Having accepted the bipolar label, he begins to review his life through clinical glasses. Old memories become “episodes”; the moment he rented a fancy apartment and bought a new Bluetooth speaker now feels like manic spiraling rather than garden variety bliss.
Like Joan Didion before him, Carrère cites his own psychiatric evaluation, which characterizes him as having a “sad expression” and “significant moral suffering”. At the hospital, he asks for euthanasia. Instead, doctors treated him with ketamine and electroconvulsive therapy, with mixed results. He accepts a magazine assignment that requires traveling to Baghdad because he believes it will increase his chances of being wiped out in a car bombing.
There’s a lot more plot, but that’s not important. The bottom line is that Carrère’s life gets very bad and then slightly better. “Yoga” is a jumble of messy and powerful tangents – not his best book, but a fascinating amplification of all the qualities that make some readers love Carrère and others find him intolerable.
As the contract with Devynck indicates, Carrère’s work revolves around a practice of extreme candor, even deranged. In “Yoga”, he writes of meditating while drunk, kneading and squeezing a lover’s breasts, and not visiting his parents often enough. He describes his method of sitting on a cushion, which involves grabbing and spreading his buttocks before landing to distribute the pelvic muscles in a specific way. He calls himself pretentious, lame, narcissistic, unstable and many other cruel adjectives. Does Carrère have total or minimal control over his torrential revelations? And if they’re fascinating, like most of them, does that matter?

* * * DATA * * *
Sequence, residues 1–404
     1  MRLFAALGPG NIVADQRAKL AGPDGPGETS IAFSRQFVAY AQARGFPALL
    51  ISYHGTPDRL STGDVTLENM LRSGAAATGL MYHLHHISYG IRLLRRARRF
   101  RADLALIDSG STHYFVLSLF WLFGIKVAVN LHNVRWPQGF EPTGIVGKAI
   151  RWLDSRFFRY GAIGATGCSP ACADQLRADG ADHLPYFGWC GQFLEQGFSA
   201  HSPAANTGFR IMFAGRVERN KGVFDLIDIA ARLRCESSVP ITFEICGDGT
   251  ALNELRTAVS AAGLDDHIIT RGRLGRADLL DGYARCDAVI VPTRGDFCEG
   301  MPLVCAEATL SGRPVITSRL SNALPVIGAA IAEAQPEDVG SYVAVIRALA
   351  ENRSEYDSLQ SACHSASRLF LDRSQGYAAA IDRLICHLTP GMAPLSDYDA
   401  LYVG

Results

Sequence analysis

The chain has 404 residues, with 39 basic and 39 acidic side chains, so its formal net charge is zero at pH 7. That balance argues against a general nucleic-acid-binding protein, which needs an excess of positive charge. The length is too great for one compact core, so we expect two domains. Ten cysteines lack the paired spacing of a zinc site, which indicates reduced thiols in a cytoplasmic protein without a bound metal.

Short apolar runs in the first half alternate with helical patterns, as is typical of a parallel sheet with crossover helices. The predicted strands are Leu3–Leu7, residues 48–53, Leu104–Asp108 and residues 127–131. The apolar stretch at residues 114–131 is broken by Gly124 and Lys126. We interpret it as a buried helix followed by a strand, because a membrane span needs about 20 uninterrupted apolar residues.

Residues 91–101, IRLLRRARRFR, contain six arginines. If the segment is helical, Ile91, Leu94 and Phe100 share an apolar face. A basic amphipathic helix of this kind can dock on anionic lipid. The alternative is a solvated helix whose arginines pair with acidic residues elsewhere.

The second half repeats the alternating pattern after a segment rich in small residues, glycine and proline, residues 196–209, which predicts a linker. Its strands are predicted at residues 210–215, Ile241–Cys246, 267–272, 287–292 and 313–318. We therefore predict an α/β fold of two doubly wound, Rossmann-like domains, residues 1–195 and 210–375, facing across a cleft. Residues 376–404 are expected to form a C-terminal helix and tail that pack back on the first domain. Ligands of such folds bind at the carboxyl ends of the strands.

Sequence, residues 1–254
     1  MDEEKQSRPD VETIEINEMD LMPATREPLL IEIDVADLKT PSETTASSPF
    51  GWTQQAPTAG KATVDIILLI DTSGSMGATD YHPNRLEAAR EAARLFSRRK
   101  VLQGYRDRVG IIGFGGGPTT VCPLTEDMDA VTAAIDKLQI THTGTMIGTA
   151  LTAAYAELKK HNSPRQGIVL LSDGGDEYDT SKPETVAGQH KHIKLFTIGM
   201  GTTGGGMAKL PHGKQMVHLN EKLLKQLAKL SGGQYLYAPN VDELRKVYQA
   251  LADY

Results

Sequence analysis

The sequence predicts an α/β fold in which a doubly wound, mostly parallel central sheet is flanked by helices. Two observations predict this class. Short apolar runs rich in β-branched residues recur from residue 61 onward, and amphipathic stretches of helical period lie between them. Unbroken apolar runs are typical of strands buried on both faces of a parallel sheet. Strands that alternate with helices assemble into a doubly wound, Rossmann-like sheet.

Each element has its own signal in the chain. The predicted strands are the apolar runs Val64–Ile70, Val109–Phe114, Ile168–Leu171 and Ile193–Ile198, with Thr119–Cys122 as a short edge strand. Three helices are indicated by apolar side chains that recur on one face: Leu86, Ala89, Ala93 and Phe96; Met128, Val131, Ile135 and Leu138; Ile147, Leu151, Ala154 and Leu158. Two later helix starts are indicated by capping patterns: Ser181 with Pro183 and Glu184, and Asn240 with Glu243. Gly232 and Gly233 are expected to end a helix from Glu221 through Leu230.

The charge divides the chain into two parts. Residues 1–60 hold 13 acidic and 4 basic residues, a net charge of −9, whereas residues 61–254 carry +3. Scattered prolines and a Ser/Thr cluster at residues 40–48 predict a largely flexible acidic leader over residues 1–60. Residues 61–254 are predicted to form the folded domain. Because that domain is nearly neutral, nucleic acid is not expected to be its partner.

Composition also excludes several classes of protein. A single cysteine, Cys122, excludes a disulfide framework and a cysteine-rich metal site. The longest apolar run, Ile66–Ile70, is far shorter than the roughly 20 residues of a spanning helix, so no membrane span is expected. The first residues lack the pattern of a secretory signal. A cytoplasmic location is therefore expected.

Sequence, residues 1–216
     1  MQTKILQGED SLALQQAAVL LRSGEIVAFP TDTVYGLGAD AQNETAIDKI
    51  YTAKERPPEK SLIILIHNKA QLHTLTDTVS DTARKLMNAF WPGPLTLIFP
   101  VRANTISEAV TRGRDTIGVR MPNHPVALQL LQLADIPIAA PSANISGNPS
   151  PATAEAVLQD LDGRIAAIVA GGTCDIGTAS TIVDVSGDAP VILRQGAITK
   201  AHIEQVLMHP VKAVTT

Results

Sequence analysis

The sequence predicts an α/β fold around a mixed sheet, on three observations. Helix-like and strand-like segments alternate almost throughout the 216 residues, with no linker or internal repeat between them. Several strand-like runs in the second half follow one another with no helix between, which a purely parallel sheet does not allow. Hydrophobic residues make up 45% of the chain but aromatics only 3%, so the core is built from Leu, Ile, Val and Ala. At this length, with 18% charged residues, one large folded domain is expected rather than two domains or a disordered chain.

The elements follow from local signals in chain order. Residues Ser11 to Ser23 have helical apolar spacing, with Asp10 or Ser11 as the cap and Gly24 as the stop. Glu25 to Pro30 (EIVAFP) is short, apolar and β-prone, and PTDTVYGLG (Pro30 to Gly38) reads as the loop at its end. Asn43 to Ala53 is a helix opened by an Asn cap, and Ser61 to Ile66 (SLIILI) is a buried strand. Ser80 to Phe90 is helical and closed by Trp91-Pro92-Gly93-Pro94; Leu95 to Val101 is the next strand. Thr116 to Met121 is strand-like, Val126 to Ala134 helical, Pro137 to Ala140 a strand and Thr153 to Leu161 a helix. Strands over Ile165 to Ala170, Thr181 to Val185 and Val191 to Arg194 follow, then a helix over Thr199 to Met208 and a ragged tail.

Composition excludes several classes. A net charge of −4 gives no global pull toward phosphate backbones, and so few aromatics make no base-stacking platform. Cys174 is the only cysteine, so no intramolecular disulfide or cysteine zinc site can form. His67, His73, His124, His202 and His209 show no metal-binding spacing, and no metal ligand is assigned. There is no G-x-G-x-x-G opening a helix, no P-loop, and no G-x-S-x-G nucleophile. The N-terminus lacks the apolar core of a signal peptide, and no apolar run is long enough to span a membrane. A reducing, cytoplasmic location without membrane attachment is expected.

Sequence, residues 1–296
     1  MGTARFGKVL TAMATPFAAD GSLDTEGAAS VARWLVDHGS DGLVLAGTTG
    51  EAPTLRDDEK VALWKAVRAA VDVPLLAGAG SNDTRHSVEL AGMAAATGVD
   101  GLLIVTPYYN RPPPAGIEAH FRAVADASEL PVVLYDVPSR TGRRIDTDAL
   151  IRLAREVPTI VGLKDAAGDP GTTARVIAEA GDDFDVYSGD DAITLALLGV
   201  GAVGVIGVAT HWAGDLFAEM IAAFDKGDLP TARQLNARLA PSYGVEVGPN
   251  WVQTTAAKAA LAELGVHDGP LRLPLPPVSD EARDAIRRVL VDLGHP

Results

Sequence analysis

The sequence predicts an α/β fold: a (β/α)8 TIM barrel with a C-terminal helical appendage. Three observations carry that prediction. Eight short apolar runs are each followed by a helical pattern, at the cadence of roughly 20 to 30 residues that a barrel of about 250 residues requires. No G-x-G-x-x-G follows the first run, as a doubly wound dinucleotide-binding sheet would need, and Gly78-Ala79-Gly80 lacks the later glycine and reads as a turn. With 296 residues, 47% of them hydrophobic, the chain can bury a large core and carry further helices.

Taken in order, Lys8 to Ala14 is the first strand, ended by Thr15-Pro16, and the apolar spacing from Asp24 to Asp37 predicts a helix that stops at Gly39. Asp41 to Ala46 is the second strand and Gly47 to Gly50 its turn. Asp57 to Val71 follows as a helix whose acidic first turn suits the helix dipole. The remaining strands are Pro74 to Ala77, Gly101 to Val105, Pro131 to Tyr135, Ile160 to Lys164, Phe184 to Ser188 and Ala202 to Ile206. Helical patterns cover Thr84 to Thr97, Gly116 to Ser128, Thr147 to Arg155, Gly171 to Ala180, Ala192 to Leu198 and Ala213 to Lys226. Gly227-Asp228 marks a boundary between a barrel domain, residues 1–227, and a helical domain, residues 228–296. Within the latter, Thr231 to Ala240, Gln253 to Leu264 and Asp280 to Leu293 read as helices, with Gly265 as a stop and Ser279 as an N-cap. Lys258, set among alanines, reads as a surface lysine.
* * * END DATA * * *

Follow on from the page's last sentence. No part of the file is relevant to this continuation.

Then there’s his self-obsession – still pronounced and in “Yoga” unhindered. And his conversational prose style, which can give the treacherous illusion that you, the reader, could also become a famous novelist if you just typed 100% of your internal monologue and hit spell check. Or his habit of issuing serene and particular generalizations, such as: “Indians like lists.”
It’s both intentionally and unintentionally funny. It is often difficult to tell the difference. “You can meditate for two hours on your nostrils without getting bored,” he writes. “This session is off to a good start: my nostrils are my best friends.” Or, about psychoanalysis: “I spent almost 20 years on sofas without any noticeable results.”
Either you are charmed and delighted by this tone of thought, or you are repelled; it’s hard to imagine a reader who occupies the middle ground. I would gladly read a hundred pages of Carrère peering into the “huge caverns” of his nostrils, lingering on the path the air stings and tingles against their walls — but I understand why anyone else wouldn’t. not a single paragraph. It is the opposite of an acquired taste. If you don’t like Carrère now, you never will. “Yoga” is an effective way to find out.